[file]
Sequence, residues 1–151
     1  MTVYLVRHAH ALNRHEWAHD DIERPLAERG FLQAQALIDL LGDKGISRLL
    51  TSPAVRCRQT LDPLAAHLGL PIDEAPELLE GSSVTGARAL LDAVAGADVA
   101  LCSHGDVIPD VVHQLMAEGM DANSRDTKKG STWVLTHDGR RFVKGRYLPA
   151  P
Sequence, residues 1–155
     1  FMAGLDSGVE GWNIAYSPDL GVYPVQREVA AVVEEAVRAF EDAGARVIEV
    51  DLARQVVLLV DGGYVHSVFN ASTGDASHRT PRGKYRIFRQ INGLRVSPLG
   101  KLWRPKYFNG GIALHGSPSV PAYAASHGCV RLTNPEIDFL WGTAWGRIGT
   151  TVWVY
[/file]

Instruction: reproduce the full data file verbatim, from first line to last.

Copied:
Sequence, residues 1–151
     1  MTVYLVRHAH ALNRHEWAHD DIERPLAERG FLQAQALIDL LGDKGISRLL
    51  TSPAVRCRQT LDPLAAHLGL PIDEAPELLE GSSVTGARAL LDAVAGADVA
   101  LCSHGDVIPD VVHQLMAEGM DANSRDTKKG STWVLTHDGR RFVKGRYLPA
   151  P
Sequence, residues 1–155
     1  FMAGLDSGVE GWNIAYSPDL GVYPVQREVA AVVEEAVRAF EDAGARVIEV
    51  DLARQVVLLV DGGYVHSVFN ASTGDASHRT PRGKYRIFRQ INGLRVSPLG
   101  KLWRPKYFNG GIALHGSPSV PAYAASHGCV RLTNPEIDFL WGTAWGRIGT
   151  TVWVY